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Prisons: Coronavirus

Ministry of Justice written question – answered on 16th June 2020.

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Photo of Lord Bradley Lord Bradley Labour

To ask Her Majesty's Government what medical advice they have received on the impact of (1) the use of PAVA spray in prisons during the COVID-19 pandemic, and (2) the use of PAVA spray on a prisoner with COVID-19 symptoms.

Photo of Lord Keen of Elie Lord Keen of Elie The Advocate-General for Scotland, Lords Spokesperson (Ministry of Justice)

PAVA mainly effects the eyes, but it also effects the respiratory system. The PAVA policy states that staff must take the health of a prisoner into consideration before deploying PAVA. The policy state that it must not be used on a prisoner in respiratory distress or showing other signs of immediate symptoms of acute ill health which are likely to be significantly exacerbated by PAVA deployment. This would include any prisoner that is suspected of having COVID19.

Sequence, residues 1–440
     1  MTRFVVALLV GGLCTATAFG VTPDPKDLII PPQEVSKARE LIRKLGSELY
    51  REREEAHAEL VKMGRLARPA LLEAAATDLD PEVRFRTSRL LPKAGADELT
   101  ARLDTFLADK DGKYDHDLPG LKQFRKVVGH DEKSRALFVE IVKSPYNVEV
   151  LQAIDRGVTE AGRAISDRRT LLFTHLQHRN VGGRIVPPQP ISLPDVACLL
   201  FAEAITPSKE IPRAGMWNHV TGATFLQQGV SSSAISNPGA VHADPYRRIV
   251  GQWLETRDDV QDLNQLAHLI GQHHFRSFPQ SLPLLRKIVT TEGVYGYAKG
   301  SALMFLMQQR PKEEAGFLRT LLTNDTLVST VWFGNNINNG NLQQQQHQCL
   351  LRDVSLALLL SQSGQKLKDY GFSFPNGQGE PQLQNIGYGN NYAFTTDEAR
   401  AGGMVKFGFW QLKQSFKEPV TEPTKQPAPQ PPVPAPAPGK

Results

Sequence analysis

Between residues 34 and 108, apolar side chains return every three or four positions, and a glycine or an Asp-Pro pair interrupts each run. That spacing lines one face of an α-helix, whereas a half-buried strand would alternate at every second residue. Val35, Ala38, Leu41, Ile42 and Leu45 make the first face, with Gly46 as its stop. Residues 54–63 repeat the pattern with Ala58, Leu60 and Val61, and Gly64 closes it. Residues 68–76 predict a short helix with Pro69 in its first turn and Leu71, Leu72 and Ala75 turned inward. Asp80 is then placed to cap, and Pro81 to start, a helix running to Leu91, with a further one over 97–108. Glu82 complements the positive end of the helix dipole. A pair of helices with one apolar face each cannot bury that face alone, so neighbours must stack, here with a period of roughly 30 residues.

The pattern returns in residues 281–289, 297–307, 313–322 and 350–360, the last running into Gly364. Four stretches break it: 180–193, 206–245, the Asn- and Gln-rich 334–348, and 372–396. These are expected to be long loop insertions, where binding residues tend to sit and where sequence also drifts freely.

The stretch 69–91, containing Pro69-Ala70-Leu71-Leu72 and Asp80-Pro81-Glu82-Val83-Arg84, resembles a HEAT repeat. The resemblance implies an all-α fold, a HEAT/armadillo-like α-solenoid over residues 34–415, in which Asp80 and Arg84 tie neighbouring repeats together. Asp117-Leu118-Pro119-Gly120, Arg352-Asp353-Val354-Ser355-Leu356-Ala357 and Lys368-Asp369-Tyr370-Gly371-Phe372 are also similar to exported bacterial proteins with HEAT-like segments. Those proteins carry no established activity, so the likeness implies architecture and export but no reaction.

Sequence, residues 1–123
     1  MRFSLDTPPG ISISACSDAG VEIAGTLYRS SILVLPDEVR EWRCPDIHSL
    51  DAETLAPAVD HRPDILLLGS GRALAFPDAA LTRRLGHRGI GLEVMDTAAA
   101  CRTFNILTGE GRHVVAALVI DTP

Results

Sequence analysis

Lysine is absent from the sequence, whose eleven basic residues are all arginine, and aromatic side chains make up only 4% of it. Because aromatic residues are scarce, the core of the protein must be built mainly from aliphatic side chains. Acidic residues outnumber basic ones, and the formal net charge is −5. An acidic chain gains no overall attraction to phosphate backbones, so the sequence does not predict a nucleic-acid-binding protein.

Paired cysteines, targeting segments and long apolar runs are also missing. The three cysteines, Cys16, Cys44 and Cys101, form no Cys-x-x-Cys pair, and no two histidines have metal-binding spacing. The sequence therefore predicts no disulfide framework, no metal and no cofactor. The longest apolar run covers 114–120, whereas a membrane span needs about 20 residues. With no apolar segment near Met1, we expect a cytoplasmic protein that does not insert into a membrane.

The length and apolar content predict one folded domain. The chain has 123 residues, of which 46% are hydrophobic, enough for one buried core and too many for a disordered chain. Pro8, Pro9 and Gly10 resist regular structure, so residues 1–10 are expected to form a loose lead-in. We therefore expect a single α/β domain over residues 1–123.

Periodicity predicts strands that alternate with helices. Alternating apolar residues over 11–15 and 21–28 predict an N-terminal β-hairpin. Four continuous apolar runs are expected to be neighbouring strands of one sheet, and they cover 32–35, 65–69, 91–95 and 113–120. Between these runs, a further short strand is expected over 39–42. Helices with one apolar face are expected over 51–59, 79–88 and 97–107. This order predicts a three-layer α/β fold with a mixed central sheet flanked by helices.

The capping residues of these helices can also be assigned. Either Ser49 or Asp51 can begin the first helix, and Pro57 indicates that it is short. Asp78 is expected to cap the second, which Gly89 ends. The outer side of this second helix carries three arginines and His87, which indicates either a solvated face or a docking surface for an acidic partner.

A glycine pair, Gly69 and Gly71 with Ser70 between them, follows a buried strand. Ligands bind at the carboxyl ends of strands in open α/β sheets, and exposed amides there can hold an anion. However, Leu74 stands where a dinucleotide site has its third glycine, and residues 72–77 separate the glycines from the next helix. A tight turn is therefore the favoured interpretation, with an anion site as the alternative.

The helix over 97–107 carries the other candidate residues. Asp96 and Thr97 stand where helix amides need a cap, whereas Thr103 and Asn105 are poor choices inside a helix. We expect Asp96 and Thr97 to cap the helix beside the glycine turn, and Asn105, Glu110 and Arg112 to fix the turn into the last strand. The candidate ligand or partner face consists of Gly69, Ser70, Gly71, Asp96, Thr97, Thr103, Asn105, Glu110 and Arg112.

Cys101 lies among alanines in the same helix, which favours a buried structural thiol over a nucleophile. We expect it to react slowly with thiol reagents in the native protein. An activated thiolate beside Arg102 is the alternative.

Staff are also reminded that PAVA will only be used when exceptional circumstances apply and in accordance with training. The legitimate use of PAVA will only be considered reasonable as a means of defence when:

  1. It is necessary for an officer to defend themselves or a third party from an attack, or an impending attack, where they perceive a threat of immediate serious harm; and
  2. There is no other reasonable option open to the member of staff to protect themselves or another person and reduce the risk of immediate serious harm but to employ this defensive technique.

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